24th June 1917. Ypres, Belgium. Gunner 112913 John Hogan of the Royal Garrison Artillery, loses his life when a shell explodes near to his position at 9.30 am. John is quickly buried behind the guns and later his body is moved the short distance to Ferme-Olivier Cemetery in Elverdinghe, the cemetery was at the time being used by Field Ambulances to transfer the wounded. For John however this was to be his final resting place.

John had only been overseas in France and Belgium for 7 weeks, now he had become another casualty of this horrific war. Many of those who died have been forgotten to history, yet they all had their story. Over the years researchers have brought many of these stories to light. and though sadly some will never be found, by telling the stories of their comrades we can honour them all, keep them remembered, and never forget what they did.

John Hogan has his story and it is recorded, I made sure of that for he is my Great Grandfather. You can read about his wife and children, his work and discover that John had a ticket out of the war yet chose to return to it. Today is 95 years to the day since John died, he is not forgotten.

John's headstone at Ferme-Olivier Cemetery in Elverdinghe. On 4th February 2012 we visited his grave.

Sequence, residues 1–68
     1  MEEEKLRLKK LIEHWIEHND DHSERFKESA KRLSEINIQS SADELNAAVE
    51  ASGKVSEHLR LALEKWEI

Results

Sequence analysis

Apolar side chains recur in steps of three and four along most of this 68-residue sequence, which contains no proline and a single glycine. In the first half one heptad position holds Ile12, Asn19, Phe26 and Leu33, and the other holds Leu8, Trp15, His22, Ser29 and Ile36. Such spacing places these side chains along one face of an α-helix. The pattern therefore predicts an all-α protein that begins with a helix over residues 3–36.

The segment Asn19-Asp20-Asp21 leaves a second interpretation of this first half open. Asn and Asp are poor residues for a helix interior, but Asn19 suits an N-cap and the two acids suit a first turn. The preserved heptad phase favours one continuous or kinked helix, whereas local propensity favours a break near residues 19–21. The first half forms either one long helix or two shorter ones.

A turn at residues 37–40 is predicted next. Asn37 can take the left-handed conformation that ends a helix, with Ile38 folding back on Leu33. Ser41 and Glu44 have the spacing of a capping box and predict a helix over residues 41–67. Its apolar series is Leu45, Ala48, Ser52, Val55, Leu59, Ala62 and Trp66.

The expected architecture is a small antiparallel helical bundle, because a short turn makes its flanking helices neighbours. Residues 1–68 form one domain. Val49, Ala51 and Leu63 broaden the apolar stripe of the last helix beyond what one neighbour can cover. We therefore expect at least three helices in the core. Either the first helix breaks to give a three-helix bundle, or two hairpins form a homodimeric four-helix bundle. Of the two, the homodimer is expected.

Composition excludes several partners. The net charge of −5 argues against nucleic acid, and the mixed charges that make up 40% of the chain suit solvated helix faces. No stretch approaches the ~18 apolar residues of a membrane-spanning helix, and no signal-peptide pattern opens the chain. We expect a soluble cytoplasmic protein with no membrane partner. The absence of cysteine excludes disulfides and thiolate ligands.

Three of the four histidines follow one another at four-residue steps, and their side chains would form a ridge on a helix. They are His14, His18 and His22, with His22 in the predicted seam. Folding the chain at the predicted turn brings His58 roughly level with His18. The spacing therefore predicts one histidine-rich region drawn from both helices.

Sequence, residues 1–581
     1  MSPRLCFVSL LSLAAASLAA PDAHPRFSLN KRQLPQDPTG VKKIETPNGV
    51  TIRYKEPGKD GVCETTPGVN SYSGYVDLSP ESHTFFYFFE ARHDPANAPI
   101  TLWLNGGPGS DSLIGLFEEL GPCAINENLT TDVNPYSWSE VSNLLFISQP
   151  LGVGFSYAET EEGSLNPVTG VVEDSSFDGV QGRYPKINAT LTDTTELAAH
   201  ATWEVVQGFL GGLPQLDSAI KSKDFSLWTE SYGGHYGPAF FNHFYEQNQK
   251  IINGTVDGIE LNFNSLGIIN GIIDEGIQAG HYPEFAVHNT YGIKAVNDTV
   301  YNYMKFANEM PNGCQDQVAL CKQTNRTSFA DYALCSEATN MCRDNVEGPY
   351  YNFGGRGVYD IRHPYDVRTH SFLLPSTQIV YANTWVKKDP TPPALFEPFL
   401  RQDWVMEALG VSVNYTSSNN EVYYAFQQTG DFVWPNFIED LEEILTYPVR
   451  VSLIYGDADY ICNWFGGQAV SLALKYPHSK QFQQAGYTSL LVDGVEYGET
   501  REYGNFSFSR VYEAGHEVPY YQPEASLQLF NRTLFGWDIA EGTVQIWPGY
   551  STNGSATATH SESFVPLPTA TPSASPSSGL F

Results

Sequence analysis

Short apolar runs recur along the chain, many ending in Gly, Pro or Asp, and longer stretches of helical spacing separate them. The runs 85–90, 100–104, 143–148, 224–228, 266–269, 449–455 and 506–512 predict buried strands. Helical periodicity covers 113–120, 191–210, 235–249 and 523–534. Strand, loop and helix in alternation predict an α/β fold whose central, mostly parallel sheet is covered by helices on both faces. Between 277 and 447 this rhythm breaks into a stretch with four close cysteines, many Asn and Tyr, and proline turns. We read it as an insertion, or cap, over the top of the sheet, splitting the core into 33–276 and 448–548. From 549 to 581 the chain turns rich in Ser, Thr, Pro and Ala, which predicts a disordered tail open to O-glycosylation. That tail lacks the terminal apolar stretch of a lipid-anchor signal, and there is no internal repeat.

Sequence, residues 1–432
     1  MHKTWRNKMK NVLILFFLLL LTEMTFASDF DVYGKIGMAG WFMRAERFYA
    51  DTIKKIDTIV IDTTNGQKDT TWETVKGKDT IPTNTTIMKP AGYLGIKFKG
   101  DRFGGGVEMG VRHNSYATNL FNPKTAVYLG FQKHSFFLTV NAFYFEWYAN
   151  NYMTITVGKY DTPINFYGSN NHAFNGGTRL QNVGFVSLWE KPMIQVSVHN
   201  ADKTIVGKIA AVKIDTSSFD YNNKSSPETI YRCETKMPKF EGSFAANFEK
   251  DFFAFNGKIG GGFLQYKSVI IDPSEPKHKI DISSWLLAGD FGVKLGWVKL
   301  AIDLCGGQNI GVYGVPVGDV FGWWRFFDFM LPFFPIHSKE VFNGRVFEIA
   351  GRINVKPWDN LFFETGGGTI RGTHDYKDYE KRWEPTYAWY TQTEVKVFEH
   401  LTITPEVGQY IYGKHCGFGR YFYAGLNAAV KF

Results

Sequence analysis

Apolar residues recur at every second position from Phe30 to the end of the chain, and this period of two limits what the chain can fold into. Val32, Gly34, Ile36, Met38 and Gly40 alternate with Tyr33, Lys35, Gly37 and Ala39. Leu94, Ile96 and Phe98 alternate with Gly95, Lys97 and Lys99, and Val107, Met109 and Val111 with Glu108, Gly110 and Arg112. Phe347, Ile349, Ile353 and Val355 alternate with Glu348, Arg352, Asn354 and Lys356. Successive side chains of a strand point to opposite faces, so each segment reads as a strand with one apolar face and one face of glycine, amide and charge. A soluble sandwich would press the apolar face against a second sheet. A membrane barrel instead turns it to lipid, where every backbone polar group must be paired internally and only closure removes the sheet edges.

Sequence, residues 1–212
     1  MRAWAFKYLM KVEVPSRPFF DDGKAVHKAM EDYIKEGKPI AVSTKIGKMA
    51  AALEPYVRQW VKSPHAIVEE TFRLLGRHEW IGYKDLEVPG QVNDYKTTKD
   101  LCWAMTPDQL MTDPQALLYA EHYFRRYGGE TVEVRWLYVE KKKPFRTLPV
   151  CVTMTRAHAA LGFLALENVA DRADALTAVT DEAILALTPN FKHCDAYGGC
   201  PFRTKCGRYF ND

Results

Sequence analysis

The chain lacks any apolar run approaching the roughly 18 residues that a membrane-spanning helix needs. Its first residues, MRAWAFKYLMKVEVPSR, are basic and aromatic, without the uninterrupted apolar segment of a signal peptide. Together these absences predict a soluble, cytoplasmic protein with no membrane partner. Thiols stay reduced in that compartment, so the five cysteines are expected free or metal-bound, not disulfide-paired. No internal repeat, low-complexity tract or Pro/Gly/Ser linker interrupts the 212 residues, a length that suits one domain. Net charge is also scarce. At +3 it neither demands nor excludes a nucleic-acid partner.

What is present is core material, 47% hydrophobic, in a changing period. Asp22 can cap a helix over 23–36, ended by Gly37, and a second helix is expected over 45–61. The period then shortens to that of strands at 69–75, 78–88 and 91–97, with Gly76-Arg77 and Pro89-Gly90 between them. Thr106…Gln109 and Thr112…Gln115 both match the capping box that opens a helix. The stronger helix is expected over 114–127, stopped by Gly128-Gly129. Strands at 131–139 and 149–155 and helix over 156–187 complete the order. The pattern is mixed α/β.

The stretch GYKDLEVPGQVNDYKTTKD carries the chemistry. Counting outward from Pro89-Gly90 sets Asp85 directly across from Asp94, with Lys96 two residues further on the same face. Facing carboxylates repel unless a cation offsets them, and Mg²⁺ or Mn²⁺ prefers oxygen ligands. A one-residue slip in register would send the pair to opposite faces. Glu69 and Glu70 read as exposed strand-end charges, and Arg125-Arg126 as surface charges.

John was born in Dublin in 1884 and moved across to Liverpool before he was 7 years old. He was brought up in the Scotland road area of the city. On the 2nd of November 1908, John Hogan married Mary Flaherty at St Josephs Church in the Scotland road area of Liverpool. They set up home at 14 St George Terrace,Comus street. Times where hard but they found work, John as a Pressman and Mary as a bag mender at the nearby docks. In 1910 their first son John was born, followed 2 years later on 1st August 1912 by my Grandfather Bernard. A third son Thomas came along in 1915.

John joined the Militia with Lancashire Fusiliers and on 2 September 1914 he joined up full time for war service. He became part of the 4th Battalion Lancashire Fusiliers as private 4436, and was posted for war training at Barrow. On 28 January 1915 While at Barrow John received a crush injury to his right foot, which after hospitalisation warranted his discharge under Kings Regulations as being "no longer physically fit for war service". In consequence he was discharged on the 20th October 1915, having served 1year and 49 days with the Colours. That of course should have been the end of John's war service, but while drinking with a friend in a public house he made the decision, no matter how rashly, to try his luck again. His friend decided to enlist also, but was turned away as unfit.

By May 1916 conscription was in full swing, but by voluntary enlisting into a unit of your own choice, and by omitting to tell them you had served in the Militia/Special Reserve infantry prior to 1914, then you would lengthen your odds to survive, as by this time it would be well known that being in the infantry had a low rate of survival. John re-enlisted into the Royal Garrison Artillery as a Gunner in June 1916. His was a voluntary enlisted as opposed to conscription, plus he left out the fact that he had previous service in both the 5th(Militia)Bn,L.F. and the 4th(E.R.)Bn, L.F., as well as seriously injuring his foot to the point of discharge a year earlier.